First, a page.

Get Over Here
Robert James Russell
“Enter the blood code,” I said, pausing my game and turning toward them. “You remember it?”
Cole sighed, looked up from the glitchy fifteen-inch screen as he fumbled the Super Nintendo control in his hand. I just knew he was getting it all sweaty. “What is it again?”
“Last time I’m telling you,” I said.
Mike looked up from the Game Informer. “Doesn’t really matter,” he said.
“Are you kidding? Have you played Mortal Kombat without blood? It’s…” I stopped, thought of the right word. “It’s pointless.”
“I don’t understand why they didn’t put blood in it in the first place,” he said.
“Because it’s Nintendo,” I said. I looked around the room—the Craft Room, we called it—deep in the recesses of the basement, littered with our family’s golf sets and various childhood drawings and stacks of various almanacs and worn National Geographics that I had thumbed through a thousand times. I leaned back into my corner—where the twenty-inch was set up with the Sega—and I pointed dramatically at it. “That’s why this will outlast them all,” I said. “They appreciate the gore. They appreciate that we appreciate it.”
“Just,” Cole said in his sad, quiet voice, “what’s the code?”
“A, B, A, C, A, B, B.” I sat back in my chair, triumphant.
“How long that take you to memorize?” Mike asked. “Too long, probably.”
“I play it a lot,” I said. “Not that long.”
We both watched Cole enter the code—incorrectly—and sulk, trying again and failing before finally getting it the third time, and as Scorpion said “Get over here” to indicate that indeed the gore would now be rampant, he sat up in his chair. “Alright,” he said. “Let’s do this.”
“You know the finishing moves?” I asked. “Oh, and you can do the pit fatality now. Do you know that one?”
“Just let me play,” he said, seeming bolder, more confident than before.
He selected Johnny Cage and I sighed, turned back to the Sega. I unpaused the game and went back to exploring New Granseal, making my way to the Tactical Base.
“Hey,” Mike said just as I found a Cheerful Bread in a barrel off the side of a house. “Can I play a game when you die next?”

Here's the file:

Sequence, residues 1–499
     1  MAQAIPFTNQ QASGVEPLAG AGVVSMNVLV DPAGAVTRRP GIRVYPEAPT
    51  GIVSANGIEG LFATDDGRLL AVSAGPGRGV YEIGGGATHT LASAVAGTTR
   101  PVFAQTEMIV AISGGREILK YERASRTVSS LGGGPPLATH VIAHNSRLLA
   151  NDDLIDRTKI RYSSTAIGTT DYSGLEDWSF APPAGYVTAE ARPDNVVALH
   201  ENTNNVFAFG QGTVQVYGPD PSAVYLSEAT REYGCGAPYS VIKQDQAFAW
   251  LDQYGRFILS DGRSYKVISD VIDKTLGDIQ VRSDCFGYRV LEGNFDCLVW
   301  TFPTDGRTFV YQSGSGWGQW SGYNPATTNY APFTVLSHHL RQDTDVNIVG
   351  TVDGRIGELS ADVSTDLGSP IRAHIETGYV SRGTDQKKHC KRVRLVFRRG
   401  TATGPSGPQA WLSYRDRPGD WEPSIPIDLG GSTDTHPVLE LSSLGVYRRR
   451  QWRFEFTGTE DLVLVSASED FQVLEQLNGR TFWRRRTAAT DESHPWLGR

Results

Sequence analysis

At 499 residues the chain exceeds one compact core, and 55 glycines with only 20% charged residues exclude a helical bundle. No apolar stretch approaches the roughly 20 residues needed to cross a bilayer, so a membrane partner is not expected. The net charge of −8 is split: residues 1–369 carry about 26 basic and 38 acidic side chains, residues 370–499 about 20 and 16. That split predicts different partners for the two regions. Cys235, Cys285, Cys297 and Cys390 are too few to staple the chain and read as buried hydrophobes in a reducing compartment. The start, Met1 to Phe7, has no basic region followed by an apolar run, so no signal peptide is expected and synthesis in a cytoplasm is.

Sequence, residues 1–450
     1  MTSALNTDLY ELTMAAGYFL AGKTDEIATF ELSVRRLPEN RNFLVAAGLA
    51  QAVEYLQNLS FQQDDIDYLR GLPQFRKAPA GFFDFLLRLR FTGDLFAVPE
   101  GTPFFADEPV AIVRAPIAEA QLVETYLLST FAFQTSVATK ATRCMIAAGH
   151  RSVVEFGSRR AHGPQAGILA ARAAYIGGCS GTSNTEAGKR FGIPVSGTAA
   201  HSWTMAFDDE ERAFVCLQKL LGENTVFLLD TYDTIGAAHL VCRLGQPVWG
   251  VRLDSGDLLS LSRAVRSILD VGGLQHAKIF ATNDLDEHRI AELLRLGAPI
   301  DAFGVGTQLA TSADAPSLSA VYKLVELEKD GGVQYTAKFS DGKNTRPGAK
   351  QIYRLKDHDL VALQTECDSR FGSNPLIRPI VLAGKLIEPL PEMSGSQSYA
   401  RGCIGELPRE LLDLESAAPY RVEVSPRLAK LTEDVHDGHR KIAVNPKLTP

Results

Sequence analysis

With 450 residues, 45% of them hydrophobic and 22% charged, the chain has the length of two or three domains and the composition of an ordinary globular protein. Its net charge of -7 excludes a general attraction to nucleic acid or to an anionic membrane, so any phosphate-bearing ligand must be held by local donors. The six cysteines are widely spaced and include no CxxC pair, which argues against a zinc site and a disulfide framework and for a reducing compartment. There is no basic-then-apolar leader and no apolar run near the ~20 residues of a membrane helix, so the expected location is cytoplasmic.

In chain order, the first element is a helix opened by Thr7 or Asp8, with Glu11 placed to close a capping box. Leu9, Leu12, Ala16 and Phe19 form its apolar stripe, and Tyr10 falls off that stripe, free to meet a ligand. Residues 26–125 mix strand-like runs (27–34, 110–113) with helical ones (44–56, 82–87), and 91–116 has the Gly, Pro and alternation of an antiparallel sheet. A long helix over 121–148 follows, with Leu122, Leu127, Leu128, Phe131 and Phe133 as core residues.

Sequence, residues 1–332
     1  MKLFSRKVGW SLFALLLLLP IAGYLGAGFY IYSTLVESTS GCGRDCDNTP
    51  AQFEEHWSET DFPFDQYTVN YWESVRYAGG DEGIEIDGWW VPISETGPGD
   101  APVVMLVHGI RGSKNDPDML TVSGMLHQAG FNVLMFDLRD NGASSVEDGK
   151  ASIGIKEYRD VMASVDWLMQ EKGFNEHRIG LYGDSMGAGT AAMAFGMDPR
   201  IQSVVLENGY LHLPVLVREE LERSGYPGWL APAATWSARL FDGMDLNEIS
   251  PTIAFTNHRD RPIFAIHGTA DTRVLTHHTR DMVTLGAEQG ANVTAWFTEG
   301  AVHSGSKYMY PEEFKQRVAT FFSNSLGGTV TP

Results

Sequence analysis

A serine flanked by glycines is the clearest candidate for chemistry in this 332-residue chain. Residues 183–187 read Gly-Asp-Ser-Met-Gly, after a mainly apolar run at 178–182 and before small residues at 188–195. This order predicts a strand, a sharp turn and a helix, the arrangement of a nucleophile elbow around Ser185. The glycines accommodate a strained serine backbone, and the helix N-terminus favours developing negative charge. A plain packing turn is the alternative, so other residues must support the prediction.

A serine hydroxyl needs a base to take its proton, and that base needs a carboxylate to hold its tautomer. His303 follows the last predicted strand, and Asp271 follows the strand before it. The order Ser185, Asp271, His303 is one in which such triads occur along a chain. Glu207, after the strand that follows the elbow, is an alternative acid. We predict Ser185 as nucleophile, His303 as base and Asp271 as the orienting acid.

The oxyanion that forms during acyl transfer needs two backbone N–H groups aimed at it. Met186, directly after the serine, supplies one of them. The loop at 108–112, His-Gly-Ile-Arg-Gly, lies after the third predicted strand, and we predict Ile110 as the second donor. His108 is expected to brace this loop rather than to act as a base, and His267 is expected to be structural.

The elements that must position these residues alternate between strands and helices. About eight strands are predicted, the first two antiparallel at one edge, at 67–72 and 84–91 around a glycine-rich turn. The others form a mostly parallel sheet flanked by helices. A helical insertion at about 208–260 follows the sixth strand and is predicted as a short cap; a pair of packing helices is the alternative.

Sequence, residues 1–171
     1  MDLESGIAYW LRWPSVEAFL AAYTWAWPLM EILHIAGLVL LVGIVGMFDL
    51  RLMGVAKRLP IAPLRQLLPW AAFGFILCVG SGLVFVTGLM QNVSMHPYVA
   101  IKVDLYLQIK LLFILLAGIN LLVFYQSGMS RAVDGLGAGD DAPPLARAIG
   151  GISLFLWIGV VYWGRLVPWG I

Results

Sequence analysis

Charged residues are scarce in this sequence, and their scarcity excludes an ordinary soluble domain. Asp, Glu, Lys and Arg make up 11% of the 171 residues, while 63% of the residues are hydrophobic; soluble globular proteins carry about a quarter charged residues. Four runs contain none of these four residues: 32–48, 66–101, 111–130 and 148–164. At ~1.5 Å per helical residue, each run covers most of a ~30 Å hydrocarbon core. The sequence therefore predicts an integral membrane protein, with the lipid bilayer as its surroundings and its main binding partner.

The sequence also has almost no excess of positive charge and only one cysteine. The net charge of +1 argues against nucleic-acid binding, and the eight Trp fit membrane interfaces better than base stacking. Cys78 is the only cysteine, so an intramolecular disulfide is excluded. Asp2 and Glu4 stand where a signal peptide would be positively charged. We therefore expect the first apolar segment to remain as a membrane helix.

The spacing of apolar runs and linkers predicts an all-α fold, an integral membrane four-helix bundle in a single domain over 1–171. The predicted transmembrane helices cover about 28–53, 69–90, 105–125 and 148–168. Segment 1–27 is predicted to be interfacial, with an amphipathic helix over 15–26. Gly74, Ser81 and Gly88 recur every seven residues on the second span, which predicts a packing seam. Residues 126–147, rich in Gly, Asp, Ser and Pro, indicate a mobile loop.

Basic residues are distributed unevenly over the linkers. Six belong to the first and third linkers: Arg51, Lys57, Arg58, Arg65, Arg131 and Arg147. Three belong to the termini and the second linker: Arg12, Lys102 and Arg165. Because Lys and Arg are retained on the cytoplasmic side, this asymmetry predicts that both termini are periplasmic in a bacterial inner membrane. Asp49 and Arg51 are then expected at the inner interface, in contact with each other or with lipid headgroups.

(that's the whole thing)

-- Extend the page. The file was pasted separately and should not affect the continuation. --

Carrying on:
“No,” I said. “Sorry.”
“Because I have to beat this game. And anyway, you don’t just die like that in this one. Not how it works.”
“Just save it, then. Play later.”
“It’s Sega Channel,” I said, annoyed. “I only have until the end of the month to play this because I don’t know what the next month’s games will be.” I began battling a Vampire Bat, easily taking him out with Bowie’s steel sword. “So if I don’t beat this, I’ve wasted all this time.” Pause. “It’s why you guys’re playing the SNES.”
“But SNES sucks,” he said. “And there’s that comic book game on there I like.”
“Comix Zone?” I laughed. “It’s just okay. You’re not missing anything.”
“Can’t you play later when we’re gone?”
“I thought you guys wanted to come over and play games,” I said. “That’s what we’re doing. Why don’t you play him in Mortal Kombat?”
“Naw,” he said.
“Well, you can take a turn at this if you want. I’ll just have to tell you what to do.”
“What’s it called?”
“Shining Force II,” I said. “One of the best games ever made.”
Mike sat up, looked over my shoulder at the screen as I battled a trio of Green Oozes. “It’s a RPG.”
“I don’t like those.”
“Well it’s one of the best.”
“What about NBA Jam?”
“You always beat me.”
“But it’s fun. We can put in the code to be Bill Clinton.”
“It’s not fun when you beat me,” I said.
“God,” Cole said tossing the controller on the tabletop and standing. Mike and I turned, alarmed. “Liu Kang is fucking impossible.”
I leaned over. “Don’t swear, alright? My mom comes down here all the time.”
“Whatever,” Mike said standing. “Let’s go play basketball.”
I stood too, taller than them both but thinner, slighter. “Ball’s a little flat.”
Mike slapped my shoulder. “What’s the point of getting that sweet hoop if you’re not going to use it?”
“You been practicing?” Cole asked.
“A little,” I said, lying. “Trying to.”
“Then let’s play twenty-one,” Mike said.
“Wait,” I said standing and holding out the Sega controller. “You can play whatever you want. Really.”
“Naw, let’s just go outside. It’s nice out anyway,” one of them said—I wasn’t sure who—then I was being ushered upstairs and outside, being handed a basketball and told to shoot. I did—and missed—and they snickered, told me to try again, but I said my ankle hurt and instead watched as the two of them passed the ball to one another, did layups and near-dunks, complicated trick shots displaying a level of choreography I couldn’t even begin to contemplate—a paired coordination between them that I shared with no one. They continued on like that, laughing together as they played in perfect tandem and talking in codes about girls at school while I looked on from the front porch, alone, sun in my eyes, skin starting to turn pink from exposure, thinking about the best route to take to Ribble. About defeating the witches and obtaining the Power Ring. About defeating Zeon and saving the world.